Comment


              • #8
                Originally posted by Russ Lipton
                All excellent points. It occurred to me after posting that there is indeed no way to test for my father's maternal line - yet your point is well-taken about the possibility that a Jew could well have married an American Indian. Many thanks.
                Unless I've gotten confused, there IS a way to test your father's maternal line: he can take the mtDNA test.

                Your mtDNA test will follow your mother's maternal line. Your father's mtDNA test will follow his maternal line. What you are missing will be DNA from your father's paternal grandmother and maternal grandfather.

                But getting your dad to take a mtDNA test and an autsomal DNA test (while he still can) would seem to me to be the priority.

                Comment


                • #9
                  Originally posted by Russ Lipton
                  My mother had speculated months ago (without knowing a shred of any of this) that my grandfather might have changed his name. Weird. I have looked for 'Leopold (his supposed first name) Lipton' without success, but I have an extraordinary story of perhaps (probably?) making contact with a half-cousin that I will share with you in email (unless others are interested; it's not a matter of confidentiality but not wanting to bore folks).

                  I assume from your comment that my mother's maternal results would be identical to what would happen if I took the same test suggested? Or not? I think she would enjoy doing it and I could save my idle bucks for some other test ;-). It would be one of the great cosmic jokes of all time if my mother's mother's line (also?) seemed to have a solid Jewish ancestry.

                  I have not seen the information about how the female test correlates to the male test marker-wise anywhere else. That is very useful.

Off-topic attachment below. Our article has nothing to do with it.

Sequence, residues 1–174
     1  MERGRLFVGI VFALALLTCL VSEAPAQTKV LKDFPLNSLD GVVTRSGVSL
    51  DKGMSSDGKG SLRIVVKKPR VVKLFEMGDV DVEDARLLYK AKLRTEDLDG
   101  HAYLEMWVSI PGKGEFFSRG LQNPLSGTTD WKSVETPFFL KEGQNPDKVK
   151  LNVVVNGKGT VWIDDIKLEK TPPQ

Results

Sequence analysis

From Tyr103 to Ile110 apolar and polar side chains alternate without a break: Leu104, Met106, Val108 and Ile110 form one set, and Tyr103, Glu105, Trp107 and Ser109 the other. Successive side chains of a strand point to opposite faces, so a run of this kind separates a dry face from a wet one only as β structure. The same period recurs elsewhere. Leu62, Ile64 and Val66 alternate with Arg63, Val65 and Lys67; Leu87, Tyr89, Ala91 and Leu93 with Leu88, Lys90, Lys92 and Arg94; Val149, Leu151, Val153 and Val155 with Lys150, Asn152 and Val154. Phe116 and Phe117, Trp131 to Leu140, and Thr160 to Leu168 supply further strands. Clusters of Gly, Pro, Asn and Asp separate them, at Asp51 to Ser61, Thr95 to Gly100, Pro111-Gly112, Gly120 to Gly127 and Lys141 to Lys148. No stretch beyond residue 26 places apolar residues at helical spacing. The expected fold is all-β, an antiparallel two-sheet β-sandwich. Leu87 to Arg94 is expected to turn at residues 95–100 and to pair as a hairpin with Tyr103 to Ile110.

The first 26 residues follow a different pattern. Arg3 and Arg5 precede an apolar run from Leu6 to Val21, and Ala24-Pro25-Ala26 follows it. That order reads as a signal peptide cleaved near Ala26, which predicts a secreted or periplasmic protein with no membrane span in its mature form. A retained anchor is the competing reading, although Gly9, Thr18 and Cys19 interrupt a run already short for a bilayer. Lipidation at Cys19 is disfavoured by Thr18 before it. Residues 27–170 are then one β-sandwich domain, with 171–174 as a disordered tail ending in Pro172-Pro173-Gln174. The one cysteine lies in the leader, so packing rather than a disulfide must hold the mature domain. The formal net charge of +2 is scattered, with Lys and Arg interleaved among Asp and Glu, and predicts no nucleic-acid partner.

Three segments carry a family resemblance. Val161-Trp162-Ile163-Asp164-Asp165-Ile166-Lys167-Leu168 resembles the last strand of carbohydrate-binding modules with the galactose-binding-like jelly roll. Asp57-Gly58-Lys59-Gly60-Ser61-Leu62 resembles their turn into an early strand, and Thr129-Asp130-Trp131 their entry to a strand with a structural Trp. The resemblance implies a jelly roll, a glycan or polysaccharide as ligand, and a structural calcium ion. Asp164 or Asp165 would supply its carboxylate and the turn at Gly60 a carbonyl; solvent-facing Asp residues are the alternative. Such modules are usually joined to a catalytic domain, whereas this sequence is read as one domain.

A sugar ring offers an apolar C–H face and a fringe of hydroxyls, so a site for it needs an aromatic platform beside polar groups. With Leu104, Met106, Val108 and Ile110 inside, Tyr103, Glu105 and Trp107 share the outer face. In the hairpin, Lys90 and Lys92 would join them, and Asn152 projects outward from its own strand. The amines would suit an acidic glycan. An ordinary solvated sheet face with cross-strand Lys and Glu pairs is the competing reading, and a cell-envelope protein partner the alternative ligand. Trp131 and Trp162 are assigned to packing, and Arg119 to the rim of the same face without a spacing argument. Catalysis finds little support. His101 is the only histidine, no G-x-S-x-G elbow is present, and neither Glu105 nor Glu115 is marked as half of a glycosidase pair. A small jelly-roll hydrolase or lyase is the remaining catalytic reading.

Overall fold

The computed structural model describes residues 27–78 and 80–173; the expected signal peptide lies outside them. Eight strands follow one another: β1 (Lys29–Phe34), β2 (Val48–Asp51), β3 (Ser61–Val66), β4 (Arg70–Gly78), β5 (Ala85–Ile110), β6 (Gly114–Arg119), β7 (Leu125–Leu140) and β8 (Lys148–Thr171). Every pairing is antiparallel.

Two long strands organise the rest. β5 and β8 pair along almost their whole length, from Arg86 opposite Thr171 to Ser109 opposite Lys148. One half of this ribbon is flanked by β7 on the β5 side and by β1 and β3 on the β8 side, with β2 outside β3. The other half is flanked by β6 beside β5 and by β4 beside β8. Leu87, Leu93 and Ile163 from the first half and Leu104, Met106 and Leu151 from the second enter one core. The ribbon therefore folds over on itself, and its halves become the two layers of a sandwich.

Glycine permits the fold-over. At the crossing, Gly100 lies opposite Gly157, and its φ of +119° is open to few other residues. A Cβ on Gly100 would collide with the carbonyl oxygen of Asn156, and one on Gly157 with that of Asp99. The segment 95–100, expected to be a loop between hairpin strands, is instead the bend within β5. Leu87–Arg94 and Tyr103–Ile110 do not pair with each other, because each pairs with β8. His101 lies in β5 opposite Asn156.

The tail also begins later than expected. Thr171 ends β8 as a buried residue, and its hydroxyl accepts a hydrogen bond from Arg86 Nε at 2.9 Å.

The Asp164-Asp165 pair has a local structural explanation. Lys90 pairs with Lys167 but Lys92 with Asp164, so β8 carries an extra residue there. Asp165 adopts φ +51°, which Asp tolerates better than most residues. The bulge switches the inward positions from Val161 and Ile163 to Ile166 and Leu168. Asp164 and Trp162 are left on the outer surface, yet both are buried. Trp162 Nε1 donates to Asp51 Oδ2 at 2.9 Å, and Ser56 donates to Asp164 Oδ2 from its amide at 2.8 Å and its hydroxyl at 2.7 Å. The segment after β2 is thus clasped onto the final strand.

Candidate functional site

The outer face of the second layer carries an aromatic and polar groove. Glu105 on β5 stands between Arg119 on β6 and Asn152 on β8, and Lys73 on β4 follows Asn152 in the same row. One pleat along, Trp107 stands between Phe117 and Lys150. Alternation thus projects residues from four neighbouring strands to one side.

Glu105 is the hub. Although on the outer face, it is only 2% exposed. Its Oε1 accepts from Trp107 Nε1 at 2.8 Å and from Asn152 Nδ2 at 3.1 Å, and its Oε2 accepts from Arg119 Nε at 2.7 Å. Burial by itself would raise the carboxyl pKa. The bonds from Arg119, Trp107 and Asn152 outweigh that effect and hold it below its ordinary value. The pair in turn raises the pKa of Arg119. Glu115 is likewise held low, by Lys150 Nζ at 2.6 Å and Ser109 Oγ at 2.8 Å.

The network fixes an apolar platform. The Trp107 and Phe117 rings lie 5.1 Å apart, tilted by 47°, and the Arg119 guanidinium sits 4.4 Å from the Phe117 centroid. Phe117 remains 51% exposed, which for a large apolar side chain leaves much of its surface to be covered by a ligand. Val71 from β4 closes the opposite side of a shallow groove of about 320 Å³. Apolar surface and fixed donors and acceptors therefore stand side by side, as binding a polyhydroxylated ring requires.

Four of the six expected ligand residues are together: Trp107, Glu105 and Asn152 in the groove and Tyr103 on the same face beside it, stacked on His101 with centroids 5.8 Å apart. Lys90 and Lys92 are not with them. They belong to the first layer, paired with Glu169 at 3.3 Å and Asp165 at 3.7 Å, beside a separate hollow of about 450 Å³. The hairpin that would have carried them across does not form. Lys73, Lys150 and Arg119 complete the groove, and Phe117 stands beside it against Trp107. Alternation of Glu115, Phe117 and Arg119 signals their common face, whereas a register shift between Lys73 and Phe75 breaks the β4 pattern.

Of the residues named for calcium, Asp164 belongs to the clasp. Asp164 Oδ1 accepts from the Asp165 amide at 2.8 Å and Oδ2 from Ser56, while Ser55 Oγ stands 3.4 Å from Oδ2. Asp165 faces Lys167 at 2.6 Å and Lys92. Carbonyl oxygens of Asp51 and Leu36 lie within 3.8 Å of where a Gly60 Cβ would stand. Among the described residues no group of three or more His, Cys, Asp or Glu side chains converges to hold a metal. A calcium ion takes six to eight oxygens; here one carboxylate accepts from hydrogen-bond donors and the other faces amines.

I am thrilled that you are willing to help.
                  Russ,

                  I'm very glad to help. I sent you a Private Message asking for some specifics so that I have more names to search for -- please see the Private Messages link at the top right of the forums page.

                  I forgot to mention earlier, there's a new FTDNA project studying haplogroup J -- you should definitely check it out and join:

                  http://www.ftdna.com/public/Y-DNA_J

                  As for your mtDNA, yours and your mother's should be exactly the same. mtDNA is passed from a mother to all her children, so she passed her mtDNA on to you. You won't pass it on to your own children, but if you have sisters, they will also have your mother's mtDNA and will pass it on to their children. So it's up to you and your mother to decide who will test

                  One thing to note is that if you order the mtDNA HVR1 test, it will be less expensive ($89) since FTDNA already has your DNA sample, than if your mother orders a new kit to test herself ($129+$2 shipping). However, if you decide that your mother will order the mtDNA test, it will be slightly less expensive to order through the Genographic Project ($99+taxes+shipping) than through FTDNA ($129+$2 shipping). Your mother will also receive the Journey of Man DVD along with some other printed material if she orders through the Genographic Project (GP).

                  GP tests HVR1 and provides the mtDNA haplogroup. After testing through GP, you can transfer to FTDNA and order the HVR2, if you wish. FTDNA handles all DNA kits for GP, so it's a simple process to transfer from one to the other. I personally ordered my DNA kit through the GP, then transfered to FTDNA so I could upgrade to HVR2 and join an mtDNA haplogroup project.

                  Elise

                  Comment


                  • #10
                    Regarding the Native American ("Injun Blood") legend: from what I have seen, many families in the U.S. create a "We're part Indian" story any time a person with a swarthy complexion, dark hair, and dark eyes appears in an otherwise fair-skinned, light-eyed family.

                    I could be wrong, but it seems to me most such legends are without foundation.

                    In Russ' grandfather's case, the creation of such a story could have been used by his wife's family to hide the fact that he was Jewish, a fact that may not have been agreeable to them.

                    My guess is that Russ isn't Native American at all and neither was his grandfather.

                    Comment


                    • #11
                      Stevo,

                      On balance, I would tend to agree with you, especially given the story as it was for decades (about my grandfather himself) and the obvious discrepancy with my Y-DNA test.

                      Since my father is the only known relative, he cannot be tested with respect to any possibility my grandfather himself was Indian through his (grandfather's) mother.